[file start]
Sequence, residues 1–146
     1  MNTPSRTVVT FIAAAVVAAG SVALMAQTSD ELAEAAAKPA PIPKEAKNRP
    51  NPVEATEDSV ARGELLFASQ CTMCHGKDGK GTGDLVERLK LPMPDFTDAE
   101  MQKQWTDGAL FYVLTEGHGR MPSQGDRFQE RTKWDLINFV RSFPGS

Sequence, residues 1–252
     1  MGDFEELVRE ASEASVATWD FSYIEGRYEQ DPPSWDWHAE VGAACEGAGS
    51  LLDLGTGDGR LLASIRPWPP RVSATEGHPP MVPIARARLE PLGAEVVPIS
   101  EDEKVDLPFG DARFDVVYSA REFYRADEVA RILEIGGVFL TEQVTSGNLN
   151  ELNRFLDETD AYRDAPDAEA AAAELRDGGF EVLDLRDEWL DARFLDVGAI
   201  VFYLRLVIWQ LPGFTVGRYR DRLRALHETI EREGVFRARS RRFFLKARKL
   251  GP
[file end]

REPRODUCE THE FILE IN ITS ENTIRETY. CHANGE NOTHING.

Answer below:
Sequence, residues 1–146
     1  MNTPSRTVVT FIAAAVVAAG SVALMAQTSD ELAEAAAKPA PIPKEAKNRP
    51  NPVEATEDSV ARGELLFASQ CTMCHGKDGK GTGDLVERLK LPMPDFTDAE
   101  MQKQWTDGAL FYVLTEGHGR MPSQGDRFQE RTKWDLINFV RSFPGS

Sequence, residues 1–252
     1  MGDFEELVRE ASEASVATWD FSYIEGRYEQ DPPSWDWHAE VGAACEGAGS
    51  LLDLGTGDGR LLASIRPWPP RVSATEGHPP MVPIARARLE PLGAEVVPIS
   101  EDEKVDLPFG DARFDVVYSA REFYRADEVA RILEIGGVFL TEQVTSGNLN
   151  ELNRFLDETD AYRDAPDAEA AAAELRDGGF EVLDLRDEWL DARFLDVGAI
   201  VFYLRLVIWQ LPGFTVGRYR DRLRALHETI EREGVFRARS RRFFLKARKL
   251  GP